However, shifting this decisional power to token issuers raises concerns about centralization and the degrees to which teams are capable of carrying this added weight on their shoulders.

Some token issuers have already chosen the path of sovereignty for bridging their assets.

A similar implementation to ERC-7281 has been developed by Circle, the USDC stablecoin issuer. They have come up with the Cross-Chain Transfer Protocol (CCTP), which lists the official bridges for their token. The same can be said for Frax Finance, which is developing its own bridge solution, called FraxFerry, and MakerDAO Teleport mechanism.

The xERC20 standard would contribute to:

  • Introduce competition across bridges: bridges will compete on security to get better rate limits and will be incentivized to improve security over their competitors.

  • Improve Liquidity: the Multichain hack highlights the importance of not having a single actor that monopolized liquidity. The xERC20 standard unifies liquidity as all minted versions of tokens from these bridges will be fungible with each other.

  • No Slippage Cross-chain Tokens Swaps: easier to swap tokens as transfers won’t have slippage anymore (better rate predictability and easier cross-chain composability)

  • Lower Barriers to Entry: new rollups and bridges won’t need to bootstrap liquidity, as it can be easily shared across all interconnected protocols.

Food for Thought

xERC20 is one of the new token standards emerging in the context of bridging assets multichain. Other notable endeavors in this niche include the LayerZero OFT standard.

Nonetheless, the scope of this piece is restricted to xERC20 – a new standard that also raises some issues and necessary reflections.

  1. There is a need to establish a clear pathway and a proper standard to streamline the process. It’s hard to envision smaller protocols and projects having the bandwidth to decide which bridges to trust, setting the right limits, and monitoring them constantly.

  2. This also raises the issue of trust: how can we make sure that token issuers select bridges based on the better product and not based on secondary categorizations? (e.g. personal benefits or close business ties with some bridges rather than others)

  3. It may be increasingly hard for projects to decide on an arbitrary rate limit for bridges as it might not accurately reflect market dynamics and flows: as such they will have to iterate extensively (and always continue doing so) before finding a sweet spot.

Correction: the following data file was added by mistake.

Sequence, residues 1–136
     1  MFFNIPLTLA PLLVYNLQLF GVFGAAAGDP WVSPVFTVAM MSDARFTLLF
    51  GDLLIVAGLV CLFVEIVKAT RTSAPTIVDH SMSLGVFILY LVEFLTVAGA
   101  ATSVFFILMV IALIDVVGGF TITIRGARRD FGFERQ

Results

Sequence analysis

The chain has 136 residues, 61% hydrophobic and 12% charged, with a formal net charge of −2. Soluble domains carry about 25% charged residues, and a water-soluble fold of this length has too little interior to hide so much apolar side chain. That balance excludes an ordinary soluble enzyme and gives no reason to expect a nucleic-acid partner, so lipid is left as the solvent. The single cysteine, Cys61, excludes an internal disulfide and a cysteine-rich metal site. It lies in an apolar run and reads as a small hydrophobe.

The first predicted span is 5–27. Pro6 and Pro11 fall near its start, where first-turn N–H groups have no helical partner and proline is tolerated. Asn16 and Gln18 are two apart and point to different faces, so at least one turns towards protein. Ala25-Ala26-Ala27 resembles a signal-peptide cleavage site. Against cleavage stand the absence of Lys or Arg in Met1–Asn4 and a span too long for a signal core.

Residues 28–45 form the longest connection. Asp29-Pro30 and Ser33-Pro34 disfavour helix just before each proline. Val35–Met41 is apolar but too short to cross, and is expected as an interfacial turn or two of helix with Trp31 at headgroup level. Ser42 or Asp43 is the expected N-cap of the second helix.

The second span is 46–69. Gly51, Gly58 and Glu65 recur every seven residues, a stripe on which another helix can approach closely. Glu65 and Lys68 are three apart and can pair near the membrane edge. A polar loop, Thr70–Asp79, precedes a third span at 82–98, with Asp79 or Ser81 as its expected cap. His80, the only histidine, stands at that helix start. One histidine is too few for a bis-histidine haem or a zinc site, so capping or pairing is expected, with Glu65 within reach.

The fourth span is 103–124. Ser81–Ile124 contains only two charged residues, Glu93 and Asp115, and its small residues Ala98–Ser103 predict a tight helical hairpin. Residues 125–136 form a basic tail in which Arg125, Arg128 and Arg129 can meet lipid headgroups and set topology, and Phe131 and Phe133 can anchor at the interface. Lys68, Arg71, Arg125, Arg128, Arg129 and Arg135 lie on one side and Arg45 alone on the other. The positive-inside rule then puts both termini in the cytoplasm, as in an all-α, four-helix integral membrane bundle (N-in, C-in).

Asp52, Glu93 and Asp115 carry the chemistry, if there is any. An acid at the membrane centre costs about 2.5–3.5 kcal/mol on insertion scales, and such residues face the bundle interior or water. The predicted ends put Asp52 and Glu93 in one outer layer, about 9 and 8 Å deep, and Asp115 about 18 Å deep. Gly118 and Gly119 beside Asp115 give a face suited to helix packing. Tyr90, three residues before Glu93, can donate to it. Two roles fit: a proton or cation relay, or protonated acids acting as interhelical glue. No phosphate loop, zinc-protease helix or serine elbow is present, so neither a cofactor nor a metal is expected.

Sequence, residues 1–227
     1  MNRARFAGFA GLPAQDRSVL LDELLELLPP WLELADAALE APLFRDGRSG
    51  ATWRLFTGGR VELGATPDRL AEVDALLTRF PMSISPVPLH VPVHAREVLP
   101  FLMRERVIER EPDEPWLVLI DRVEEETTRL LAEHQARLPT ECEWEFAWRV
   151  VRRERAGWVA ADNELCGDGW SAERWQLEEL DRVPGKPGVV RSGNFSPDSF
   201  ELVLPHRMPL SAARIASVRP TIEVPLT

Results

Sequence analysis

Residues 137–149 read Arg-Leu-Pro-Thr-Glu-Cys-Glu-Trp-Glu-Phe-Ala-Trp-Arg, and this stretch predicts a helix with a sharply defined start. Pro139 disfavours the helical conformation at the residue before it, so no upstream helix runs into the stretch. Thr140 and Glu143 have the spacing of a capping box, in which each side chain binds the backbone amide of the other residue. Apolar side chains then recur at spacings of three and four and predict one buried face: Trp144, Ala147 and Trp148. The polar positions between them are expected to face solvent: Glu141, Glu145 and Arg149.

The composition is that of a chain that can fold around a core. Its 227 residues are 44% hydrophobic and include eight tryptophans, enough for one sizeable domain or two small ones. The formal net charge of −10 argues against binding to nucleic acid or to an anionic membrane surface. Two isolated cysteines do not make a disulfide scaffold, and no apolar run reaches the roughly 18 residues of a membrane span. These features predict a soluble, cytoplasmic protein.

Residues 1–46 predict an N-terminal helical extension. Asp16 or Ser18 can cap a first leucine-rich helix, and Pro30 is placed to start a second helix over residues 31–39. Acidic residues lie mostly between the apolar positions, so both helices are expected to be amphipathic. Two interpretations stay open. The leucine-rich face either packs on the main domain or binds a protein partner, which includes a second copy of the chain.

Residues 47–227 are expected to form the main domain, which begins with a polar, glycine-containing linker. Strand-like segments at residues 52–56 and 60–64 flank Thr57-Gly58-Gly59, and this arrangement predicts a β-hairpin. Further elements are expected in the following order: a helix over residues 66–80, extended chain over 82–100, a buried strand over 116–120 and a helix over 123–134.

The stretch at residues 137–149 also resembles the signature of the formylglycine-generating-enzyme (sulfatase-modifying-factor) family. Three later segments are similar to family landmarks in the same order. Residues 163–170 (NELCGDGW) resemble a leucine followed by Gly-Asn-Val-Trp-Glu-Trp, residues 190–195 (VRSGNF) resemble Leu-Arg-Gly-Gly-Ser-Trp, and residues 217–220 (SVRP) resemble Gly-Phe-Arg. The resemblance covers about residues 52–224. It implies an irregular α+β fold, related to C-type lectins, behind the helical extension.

4. Furthermore, selecting trusted bridges may not be enough to avoid hacks altogether. We have recently had both the examples of Nomad and Multichain – two of the most notable bridges that were nonetheless exploited. What’s worth noting here is that xERC20 could indeed, limit the losses to the rate limit approved (however, based on the point above, rate limits may still have to be high, especially for bridges with high volume)

  5. Another point up for debate is that this new standard would introduce governance burdens for tokens: e.g. approval of allowlisted bridges, giving additional governance power to token issuers. This may not fit all tokens, as some tokens for instance lack a governance layer. This means they’ll have either to set up specific governance paths allowing their token holders to have a say in that, or centralize the process based on specific risk analysis. 

Last but not least, this could also open the possibility for new vectors of attacks (e.g. where a malicious actor might try to steer governance to allow a high rate for a specific bridge that can be compromised or easy to hack), coming from:

  • Centralization risks

  • The required efforts and bandwidth to ensure proper rate limits are established

  • Further governance processes needed

    To summarize, ERC 7281:

  • Removes some of the security concerns with bridging hosting tokens and being hack targets

  • Alters the dynamics through which token issuers decide which bridges can mint/burn tokens

  • Creates an open field of competition where bridges can compete based on the validity of their products

  • Criticism has been raised about issues of trust and centralization

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Virtually yours,

The Castle